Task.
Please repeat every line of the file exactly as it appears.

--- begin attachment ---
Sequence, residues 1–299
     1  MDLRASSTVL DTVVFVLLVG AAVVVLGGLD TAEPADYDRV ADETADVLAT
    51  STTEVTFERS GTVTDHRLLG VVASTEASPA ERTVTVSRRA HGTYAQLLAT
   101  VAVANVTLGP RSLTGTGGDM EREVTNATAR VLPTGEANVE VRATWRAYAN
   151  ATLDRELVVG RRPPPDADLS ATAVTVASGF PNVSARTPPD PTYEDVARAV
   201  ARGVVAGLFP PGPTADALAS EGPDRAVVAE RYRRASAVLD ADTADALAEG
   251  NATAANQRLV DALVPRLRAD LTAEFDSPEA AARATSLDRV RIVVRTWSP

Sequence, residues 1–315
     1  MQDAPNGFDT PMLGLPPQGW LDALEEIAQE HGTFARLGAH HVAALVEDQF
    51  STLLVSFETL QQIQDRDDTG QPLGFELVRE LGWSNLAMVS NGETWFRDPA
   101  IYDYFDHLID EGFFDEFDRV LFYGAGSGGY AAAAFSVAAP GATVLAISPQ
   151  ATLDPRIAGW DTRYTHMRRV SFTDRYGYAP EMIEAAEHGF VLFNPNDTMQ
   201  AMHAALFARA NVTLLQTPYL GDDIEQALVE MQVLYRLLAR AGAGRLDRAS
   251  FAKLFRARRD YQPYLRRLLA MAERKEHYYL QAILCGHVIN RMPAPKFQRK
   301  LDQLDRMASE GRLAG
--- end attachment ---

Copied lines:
Sequence, residues 1–299
     1  MDLRASSTVL DTVVFVLLVG AAVVVLGGLD TAEPADYDRV ADETADVLAT
    51  STTEVTFERS GTVTDHRLLG VVASTEASPA ERTVTVSRRA HGTYAQLLAT
   101  VAVANVTLGP RSLTGTGGDM EREVTNATAR VLPTGEANVE VRATWRAYAN
   151  ATLDRELVVG RRPPPDADLS ATAVTVASGF PNVSARTPPD PTYEDVARAV
   201  ARGVVAGLFP PGPTADALAS EGPDRAVVAE RYRRASAVLD ADTADALAEG
   251  NATAANQRLV DALVPRLRAD LTAEFDSPEA AARATSLDRV RIVVRTWSP

Sequence, residues 1–315
     1  MQDAPNGFDT PMLGLPPQGW LDALEEIAQE HGTFARLGAH HVAALVEDQF
    51  STLLVSFETL QQIQDRDDTG QPLGFELVRE LGWSNLAMVS NGETWFRDPA
   101  IYDYFDHLID EGFFDEFDRV LFYGAGSGGY AAAAFSVAAP GATVLAISPQ
   151  ATLDPRIAGW DTRYTHMRRV SFTDRYGYAP EMIEAAEHGF VLFNPNDTMQ
   201  AMHAALFARA NVTLLQTPYL GDDIEQALVE MQVLYRLLAR AGAGRLDRAS
   251  FAKLFRARRD YQPYLRRLLA MAERKEHYYL QAILCGHVIN RMPAPKFQRK
   301  LDQLDRMASE GRLAG